JAKARTA (TheInsiderStories) – Indonesia’s benchmark stock index is expected to gain further this year, driven by capital inflows (after suffering outflows last year), as well as projected improvement of the domestic economy, analysts said.
The Jakarta Composite Index (JCI) gained 0.3 per cent to close at 6,680.619 on Monday (29/01). The JCI has already risen 5.1 per cent this year, from the 6,355.65 figure recorded at end-2017.
In 2017, the JCI gained 20 per cent, winding up on a high note, despite escalating political tensions across the country. 37 newly-listed companies joined the parade.
As for prospects of the market for 2018, most analysts remain bullish, as they are confident that the market still has the prospect to surge this year, banking on high investor confidence.
Shares of companies in energy, banking and infrastructure sectors are expected to gain this year on the back of the recovery of oil and commodity prices.
The market capitalization of listed companies as a percentage of the country’s gross domestic product was 45.67 per cent of GDP in 2016. This is relatively low compared to Thailand and Malaysia, at 104 per cent and 156 per cent of GDP, respectively.
Indonesia also suffers from a small investor base, with the number of mutual fund investors in the country standing at only 0.13 per cent of the total population, with managed funds valued at Rp 338.6 trillion, or just 2.93 per cent of GDP.
The self-regulatory organization of the Indonesia Stock Exchange (IDX), as well as authorities have exerted themselves to offer incentives to encourage more companies to go public. The country’s stock exchange, the IDX, has streamlined issuance procedures to encourage more IPOs. Meanwhile, the Financial Services Authority (FSA) has rolled out a number of policies to support the growth of the stock market over the last few years.
In the pipeline: the FSA plans to introduce a so-called ‘Electronic Trading Platform’ that will facilitate transactions for government securities outside the market. The Authority also seeks to establish a Bond Development Team in cooperation with Bank Indonesia and the Finance Ministry, and is finalizing a Global Master Repurchase Agreement.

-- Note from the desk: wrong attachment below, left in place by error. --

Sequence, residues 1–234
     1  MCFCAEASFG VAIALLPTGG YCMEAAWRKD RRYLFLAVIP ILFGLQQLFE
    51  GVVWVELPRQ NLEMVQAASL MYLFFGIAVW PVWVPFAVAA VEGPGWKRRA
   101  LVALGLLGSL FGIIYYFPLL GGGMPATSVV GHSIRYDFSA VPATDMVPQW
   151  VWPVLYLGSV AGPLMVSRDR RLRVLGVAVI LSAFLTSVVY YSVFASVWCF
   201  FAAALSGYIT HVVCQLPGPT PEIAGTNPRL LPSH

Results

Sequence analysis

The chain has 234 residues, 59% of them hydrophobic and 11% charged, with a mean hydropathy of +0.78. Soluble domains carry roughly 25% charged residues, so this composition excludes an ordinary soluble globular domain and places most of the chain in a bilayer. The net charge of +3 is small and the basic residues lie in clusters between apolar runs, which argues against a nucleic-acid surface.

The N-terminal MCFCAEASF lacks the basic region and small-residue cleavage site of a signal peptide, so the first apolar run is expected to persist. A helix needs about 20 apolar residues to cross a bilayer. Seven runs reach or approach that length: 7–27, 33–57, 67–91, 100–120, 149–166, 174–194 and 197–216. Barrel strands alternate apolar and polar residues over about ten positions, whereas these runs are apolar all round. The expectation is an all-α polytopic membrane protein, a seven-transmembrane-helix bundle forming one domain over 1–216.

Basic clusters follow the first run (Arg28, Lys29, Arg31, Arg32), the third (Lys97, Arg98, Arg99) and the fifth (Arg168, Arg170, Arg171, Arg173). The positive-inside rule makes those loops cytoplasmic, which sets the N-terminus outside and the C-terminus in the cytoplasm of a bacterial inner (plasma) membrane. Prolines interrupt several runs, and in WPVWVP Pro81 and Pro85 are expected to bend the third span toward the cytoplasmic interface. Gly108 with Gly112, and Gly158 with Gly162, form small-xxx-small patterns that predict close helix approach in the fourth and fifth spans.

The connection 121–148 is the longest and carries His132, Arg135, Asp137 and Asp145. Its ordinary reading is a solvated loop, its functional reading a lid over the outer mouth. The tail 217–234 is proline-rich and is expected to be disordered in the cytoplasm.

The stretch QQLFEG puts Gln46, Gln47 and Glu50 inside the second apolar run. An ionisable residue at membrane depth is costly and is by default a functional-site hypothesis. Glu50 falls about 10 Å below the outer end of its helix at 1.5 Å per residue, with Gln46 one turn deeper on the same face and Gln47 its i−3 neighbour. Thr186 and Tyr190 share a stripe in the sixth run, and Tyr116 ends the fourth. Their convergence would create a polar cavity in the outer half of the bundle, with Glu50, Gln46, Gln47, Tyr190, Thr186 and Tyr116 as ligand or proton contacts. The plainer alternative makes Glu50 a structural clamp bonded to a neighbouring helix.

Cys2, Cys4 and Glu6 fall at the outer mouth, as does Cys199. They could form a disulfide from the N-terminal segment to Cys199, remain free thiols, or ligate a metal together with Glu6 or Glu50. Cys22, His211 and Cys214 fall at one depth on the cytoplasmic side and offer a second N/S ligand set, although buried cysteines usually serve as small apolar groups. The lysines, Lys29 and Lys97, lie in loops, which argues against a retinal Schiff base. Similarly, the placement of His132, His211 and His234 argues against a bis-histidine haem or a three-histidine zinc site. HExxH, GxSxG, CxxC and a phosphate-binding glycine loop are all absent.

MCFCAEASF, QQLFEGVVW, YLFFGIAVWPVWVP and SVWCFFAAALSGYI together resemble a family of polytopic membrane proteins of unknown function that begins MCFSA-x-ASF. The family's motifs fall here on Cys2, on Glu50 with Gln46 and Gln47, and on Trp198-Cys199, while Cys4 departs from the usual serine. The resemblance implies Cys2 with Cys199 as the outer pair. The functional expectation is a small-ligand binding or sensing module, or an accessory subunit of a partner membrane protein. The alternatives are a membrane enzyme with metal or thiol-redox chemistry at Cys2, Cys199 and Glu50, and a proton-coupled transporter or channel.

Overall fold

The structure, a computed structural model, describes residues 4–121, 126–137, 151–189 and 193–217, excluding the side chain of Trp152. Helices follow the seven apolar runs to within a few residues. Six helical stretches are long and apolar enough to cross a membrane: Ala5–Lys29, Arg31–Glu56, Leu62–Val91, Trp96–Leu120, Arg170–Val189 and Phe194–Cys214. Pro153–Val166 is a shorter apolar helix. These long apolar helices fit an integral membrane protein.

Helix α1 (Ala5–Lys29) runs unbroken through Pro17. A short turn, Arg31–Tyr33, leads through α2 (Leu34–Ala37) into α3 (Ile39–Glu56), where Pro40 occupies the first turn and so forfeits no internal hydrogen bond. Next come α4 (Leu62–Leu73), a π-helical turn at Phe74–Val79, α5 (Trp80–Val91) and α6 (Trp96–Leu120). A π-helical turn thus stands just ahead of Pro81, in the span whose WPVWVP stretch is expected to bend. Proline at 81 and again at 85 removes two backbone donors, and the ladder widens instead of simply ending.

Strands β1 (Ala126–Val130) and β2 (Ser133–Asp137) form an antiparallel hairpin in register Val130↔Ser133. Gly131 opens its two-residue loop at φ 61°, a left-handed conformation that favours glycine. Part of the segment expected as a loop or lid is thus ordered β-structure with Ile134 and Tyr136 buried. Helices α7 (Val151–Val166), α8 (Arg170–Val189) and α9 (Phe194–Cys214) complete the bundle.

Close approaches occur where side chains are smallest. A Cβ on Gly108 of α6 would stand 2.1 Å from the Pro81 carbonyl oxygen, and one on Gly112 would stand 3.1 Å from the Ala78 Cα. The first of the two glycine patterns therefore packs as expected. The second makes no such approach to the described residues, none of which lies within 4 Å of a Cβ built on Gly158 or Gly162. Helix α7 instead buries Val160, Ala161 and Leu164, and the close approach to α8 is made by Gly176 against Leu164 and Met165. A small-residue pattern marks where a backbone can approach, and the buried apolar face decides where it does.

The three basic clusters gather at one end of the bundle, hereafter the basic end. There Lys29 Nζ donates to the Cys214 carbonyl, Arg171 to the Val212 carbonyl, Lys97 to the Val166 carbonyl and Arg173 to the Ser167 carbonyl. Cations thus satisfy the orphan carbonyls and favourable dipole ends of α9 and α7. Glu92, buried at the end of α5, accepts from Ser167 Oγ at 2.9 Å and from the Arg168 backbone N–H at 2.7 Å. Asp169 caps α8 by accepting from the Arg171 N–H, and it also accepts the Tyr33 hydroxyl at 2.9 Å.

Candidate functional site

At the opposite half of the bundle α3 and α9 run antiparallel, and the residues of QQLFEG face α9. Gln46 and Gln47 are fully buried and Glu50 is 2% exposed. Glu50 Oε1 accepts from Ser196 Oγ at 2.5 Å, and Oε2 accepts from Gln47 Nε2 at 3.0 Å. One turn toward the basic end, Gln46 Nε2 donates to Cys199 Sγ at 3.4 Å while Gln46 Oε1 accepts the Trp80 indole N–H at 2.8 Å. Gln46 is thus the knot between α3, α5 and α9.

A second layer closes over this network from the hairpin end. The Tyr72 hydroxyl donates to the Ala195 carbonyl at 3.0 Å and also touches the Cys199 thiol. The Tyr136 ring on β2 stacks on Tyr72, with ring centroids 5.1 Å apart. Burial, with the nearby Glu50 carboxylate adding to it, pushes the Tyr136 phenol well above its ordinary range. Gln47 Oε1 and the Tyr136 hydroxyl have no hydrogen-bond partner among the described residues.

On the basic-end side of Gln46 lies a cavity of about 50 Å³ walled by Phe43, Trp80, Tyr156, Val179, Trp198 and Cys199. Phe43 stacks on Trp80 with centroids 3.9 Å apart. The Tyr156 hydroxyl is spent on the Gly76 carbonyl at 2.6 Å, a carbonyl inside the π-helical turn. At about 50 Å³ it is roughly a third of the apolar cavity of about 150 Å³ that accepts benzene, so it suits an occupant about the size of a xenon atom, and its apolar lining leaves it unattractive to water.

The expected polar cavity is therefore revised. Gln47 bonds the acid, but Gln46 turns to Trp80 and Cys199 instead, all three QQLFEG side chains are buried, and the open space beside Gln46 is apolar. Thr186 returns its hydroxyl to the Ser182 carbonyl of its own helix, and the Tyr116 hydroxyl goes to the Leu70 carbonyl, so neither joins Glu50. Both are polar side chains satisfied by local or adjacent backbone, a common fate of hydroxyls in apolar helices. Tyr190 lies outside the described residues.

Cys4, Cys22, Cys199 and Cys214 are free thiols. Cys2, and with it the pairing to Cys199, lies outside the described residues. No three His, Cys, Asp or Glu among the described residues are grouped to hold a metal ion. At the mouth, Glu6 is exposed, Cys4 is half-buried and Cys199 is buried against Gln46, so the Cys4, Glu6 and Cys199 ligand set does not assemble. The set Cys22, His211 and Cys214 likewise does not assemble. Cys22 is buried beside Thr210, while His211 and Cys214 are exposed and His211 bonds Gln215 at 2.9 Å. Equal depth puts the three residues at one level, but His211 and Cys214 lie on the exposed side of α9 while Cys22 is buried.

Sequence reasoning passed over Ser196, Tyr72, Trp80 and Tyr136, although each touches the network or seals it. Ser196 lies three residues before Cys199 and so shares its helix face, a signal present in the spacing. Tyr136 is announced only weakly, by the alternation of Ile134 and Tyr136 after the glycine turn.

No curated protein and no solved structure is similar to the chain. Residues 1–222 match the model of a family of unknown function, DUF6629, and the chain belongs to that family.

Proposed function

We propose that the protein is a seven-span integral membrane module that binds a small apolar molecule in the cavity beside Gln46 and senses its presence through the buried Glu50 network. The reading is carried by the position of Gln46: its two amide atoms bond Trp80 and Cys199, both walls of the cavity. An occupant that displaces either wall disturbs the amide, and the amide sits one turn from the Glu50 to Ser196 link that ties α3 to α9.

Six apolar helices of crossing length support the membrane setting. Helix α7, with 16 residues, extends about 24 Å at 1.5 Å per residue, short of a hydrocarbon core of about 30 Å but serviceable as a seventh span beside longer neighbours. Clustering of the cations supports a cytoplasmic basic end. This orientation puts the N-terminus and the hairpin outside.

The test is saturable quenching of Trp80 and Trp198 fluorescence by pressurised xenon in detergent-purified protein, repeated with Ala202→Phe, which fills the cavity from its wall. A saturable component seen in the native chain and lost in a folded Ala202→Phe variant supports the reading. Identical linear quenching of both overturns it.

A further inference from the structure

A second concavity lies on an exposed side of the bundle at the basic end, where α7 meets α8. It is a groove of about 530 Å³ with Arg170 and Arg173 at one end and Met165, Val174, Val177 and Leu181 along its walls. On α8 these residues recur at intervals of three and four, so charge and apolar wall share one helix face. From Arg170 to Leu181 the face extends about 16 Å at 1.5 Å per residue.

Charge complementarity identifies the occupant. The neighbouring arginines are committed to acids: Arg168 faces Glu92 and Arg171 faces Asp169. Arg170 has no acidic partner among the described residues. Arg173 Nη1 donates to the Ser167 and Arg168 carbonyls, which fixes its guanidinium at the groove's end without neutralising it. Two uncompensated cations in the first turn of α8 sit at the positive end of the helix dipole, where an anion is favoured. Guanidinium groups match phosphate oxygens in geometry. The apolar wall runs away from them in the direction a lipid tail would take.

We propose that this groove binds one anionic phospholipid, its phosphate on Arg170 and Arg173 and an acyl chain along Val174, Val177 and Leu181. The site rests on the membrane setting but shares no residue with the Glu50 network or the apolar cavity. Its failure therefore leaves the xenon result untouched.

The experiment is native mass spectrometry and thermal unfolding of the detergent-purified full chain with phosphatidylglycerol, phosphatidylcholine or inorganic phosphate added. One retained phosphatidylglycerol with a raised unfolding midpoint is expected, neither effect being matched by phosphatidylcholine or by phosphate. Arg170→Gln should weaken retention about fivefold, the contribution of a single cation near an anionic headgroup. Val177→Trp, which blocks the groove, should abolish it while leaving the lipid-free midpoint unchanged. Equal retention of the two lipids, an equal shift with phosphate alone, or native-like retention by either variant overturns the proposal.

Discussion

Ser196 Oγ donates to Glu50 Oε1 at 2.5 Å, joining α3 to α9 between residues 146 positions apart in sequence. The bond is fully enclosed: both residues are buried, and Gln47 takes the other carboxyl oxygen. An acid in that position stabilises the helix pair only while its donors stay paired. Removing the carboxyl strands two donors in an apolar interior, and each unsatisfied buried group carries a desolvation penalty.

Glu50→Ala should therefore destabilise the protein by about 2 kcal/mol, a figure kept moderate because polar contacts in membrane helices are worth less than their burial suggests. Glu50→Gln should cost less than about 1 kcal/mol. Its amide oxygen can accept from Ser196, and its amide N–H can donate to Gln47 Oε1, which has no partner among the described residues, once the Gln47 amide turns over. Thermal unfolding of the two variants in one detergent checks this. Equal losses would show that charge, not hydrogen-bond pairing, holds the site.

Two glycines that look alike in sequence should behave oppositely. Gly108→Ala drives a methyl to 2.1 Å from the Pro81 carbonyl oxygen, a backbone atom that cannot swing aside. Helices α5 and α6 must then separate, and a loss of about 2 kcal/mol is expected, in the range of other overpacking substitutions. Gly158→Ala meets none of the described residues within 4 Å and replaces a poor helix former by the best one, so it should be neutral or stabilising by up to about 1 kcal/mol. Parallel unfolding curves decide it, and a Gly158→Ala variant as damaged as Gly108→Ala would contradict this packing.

The FSA has also relaxed rules for IPOs of small and medium enterprises (SMEs). This will help facilitate start-ups in listing their shares on the stock exchange. Currently, SMEs must have a minimum asset value of Rp 100 billion before they are allowed to list their shares, and can only raise a maximum at Rp 40 billion in funds.
The FSA now allows companies with assets of less than Rp 50 billion to launch an IPO. Of the 37 companies that went public last year, two are startups, namely, PT M Cash Integrasi and PT Kioson Komersial Indonesia.
In addition, there has also been collaboration between the country’s stock exchange and state lender PT Bank Mandiri Tbk (IDX: BMRI), through a program called the IDX Incubator. Under this program, stock exchange management will provide training programs, working space as well as other facilities to nearly 30 startups.
The IDX, in partnership with the Indonesian Accountant Association, is currently setting up a special board to assist startups and SMEs to tap into capital markets.
Catalysts will stimulate the JCI to gain further this year. First, the government’s policy to boost infrastructure projects throughout the country will benefit construction companies and mutual funds investing in the sector, such as Bahana Dana Infrastruktur, by PT Bahana TCW Investment Management.
IPOs In Pipeline
Tito Sulistio, President Director of the Indonesian Stock Exchange, claims that 140 companies have expressed interest in listing their shares. He also mentioned that several subsidiaries of state-owned enterprises (SOEs) have prepared to launch their own IPOs.
SOE subsidiaries planning to list shares on the Indonesian Stock Exchange include PT PP Urban, PT PP Energy, PT PP Infrastructure, PT Wika Realty, PT Tugu Pratama Indonesia, PT Tanjung Priok Port and PT Indonesia Vehicle Terminal.
Indonesia Stock Exchange’s IPO Pipeline in 2018
IDX is also ready to provide incentives and facilities for companies that will launch IPOs. According to Tito, listing costs on the exchange are reasonable, ranging from Rp 50 million to Rp 200 million. He is still hoping that large-scale companies such as PT Freeport Indonesia can list its shares on the Indonesian Stock Exchange.
Last year, there were 31 companies that began listing on the stock exchange. However, the value of funds raised through IPOs over the year reached only Rp 7.89 trillion, lower than the previous year’s Rp 12.11 trillion. Some of those companies listed their shares during the last month of the year.
Director of Corporate Assessment of IDX Samsul Hidayat added that there are currently 4 companies that will list initial shares in early 2018: PT Sky Energy Indonesia, PT LCK Global Kedaton, PT Borneo Olah Sarana Sukses and PT BTPN Syariah. Samsul said the amount of funds to be raised through the IPOs could reach Rp 1.5 trillion.
The subsidiary of PT Indosat Tbk (ISAT), PT Artajasa Pembayaran Elektronis (Artajasa), will add to the list of companies to be listed on the IDX.
Artajasa, the provider of electronic payment services, has submitted this plan to the exchange authority and has prepared a prospectus, using the financial statements of the audit results ending on Sept. 30, 2017. The financial statement will be submitted to the FSA.
Meanwhile, medium-size mining company PT Borneo Olah Sarana Sukses (IDX: BOSS) set its initial public offering price in a range of Rp350-Rp600 per share, which will enable the company to raise funds between Rp140 billion to Rp240 billion from the IPO.